Saturday, January 26, 2013

Question: Are the preservatives found in our ingredients enough to preserve the product?

I see people asking if they need to include a preservative in their product when they are using ingredients that already contain preservatives, and the short answer is yes. The long answer is also yes with an explanation.

Let's say you want to make this toner (from this post on dry skin toners). How much preservative would we find in the ingredients? Is that enough to preserve the entire product?

19% water
20% aloe vera
20% hydrosol of choice
20% another hydrosol of choice
0.5% allantoin
5% Cromollient SCE or water soluble shea or water soluble olive oil (PEG-7 olivate) or another water soluble emollient
2% hydrolyzed oat protein
2% hydrolyzed silk protein
2.5% sodium lactate or sodium PCA
2% niacinamide

2% panthenol
0.5% green tea extract
0.5% chamomile extract
0.5% banana extract (or another extract of choice)
3% honeyquat
0.5% preservative of choice (use as directed)

We will probably find preservatives in the aloe vera, hydrosols, proteins, sodium lactate, honeyquat, panthenol, and liquid extracts. They will be at the level required for that ingredient, which could range from the minimum to the maximum of the suggested preservative depending upon the difficulty in preserving that ingredient. Manufacturers are only going to use what they need in their product to save money, which means the preservative will likely be found in quite low quantities and might be specific only to that ingredient's needs without being a broad spectrum preservative.

What does this mean for us? If we relied only on the preservatives in our ingredients, we'd be short preservative for the product because our water isn't preserved! We don't know if the preservative used in an ingredient is suitable for the product we're making - for instance, is a surfactant as hard to preserve as a botanical? - and we don't know if we have enough. We also don't know if the preservatives are heat tolerant. I'm heating up a whole bunch of ingredients here, and most of our preservatives don't like to be heated and held, so how can I know if they survived the very necessary heated water phase intact?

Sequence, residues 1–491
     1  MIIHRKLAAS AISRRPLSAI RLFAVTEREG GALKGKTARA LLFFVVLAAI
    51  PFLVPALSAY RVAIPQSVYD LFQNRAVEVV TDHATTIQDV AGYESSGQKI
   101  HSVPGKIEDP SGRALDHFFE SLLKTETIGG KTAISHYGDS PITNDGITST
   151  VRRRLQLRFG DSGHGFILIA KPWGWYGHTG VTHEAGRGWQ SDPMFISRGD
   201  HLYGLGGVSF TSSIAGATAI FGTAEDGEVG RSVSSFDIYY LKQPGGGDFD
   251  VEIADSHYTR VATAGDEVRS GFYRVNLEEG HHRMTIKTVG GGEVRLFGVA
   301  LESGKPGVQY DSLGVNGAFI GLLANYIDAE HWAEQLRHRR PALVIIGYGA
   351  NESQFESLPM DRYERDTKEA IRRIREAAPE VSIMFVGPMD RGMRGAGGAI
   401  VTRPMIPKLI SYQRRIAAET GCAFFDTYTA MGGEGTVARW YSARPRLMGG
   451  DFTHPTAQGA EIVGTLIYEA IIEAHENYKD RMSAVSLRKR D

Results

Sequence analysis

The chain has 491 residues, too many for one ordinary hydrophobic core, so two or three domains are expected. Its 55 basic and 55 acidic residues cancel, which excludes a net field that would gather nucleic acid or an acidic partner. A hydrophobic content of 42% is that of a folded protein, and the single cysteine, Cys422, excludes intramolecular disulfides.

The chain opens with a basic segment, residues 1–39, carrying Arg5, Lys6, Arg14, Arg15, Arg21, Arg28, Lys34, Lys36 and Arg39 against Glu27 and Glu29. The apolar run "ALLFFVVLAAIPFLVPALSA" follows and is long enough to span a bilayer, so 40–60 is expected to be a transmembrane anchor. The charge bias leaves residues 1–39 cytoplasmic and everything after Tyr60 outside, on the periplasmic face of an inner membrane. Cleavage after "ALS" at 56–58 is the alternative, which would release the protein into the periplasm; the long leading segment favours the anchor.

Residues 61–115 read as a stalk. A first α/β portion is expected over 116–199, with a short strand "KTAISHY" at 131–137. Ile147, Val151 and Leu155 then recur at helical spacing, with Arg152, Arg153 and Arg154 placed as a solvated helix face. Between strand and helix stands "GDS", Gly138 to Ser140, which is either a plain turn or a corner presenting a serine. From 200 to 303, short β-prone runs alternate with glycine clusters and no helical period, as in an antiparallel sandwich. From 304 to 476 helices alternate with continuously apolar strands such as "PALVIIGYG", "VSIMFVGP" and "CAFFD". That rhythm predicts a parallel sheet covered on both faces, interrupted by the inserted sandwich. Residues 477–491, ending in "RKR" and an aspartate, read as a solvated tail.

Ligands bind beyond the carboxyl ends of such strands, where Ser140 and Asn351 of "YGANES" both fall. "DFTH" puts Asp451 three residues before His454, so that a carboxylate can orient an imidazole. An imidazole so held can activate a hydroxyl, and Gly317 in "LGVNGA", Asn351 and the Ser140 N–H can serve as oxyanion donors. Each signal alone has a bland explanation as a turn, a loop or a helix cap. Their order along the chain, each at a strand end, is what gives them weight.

In short, the preservatives found in our ingredients are not enough to preserve an entire product.


Lise M Andersen said...

Great post Susan. This is a question I also get quite often from folks.

Rocio said...

Hi Susan.

Thanks for sharing this information.

Have a great day!!

addictedtomakeup said...

Hi Susan, firstly I love your blog and as a formulator I've found it an incredibly useful resource. Having initially focussed on anydrous skincare products, I want to move into emulsions. When making creams for myself I have always used dehydroacetic acid / benzyl alcohol at 1% which I thought was sufficiently broad spectrum to cover everything. I recently read that it was weak on mould however, and that I should add 0.5% sodium benzoate to cover this. My question is: with the addition of the sodium benzoate, is it necessary to adjust the pH for this and if so, within what range? If I do, I have anhydrous citric acid to bring down the pH - but how do I incorporate this at cool down - can it simply be stirred into the cream or does it need to be pre-mixed with a little water? Thank you in advance! Natasha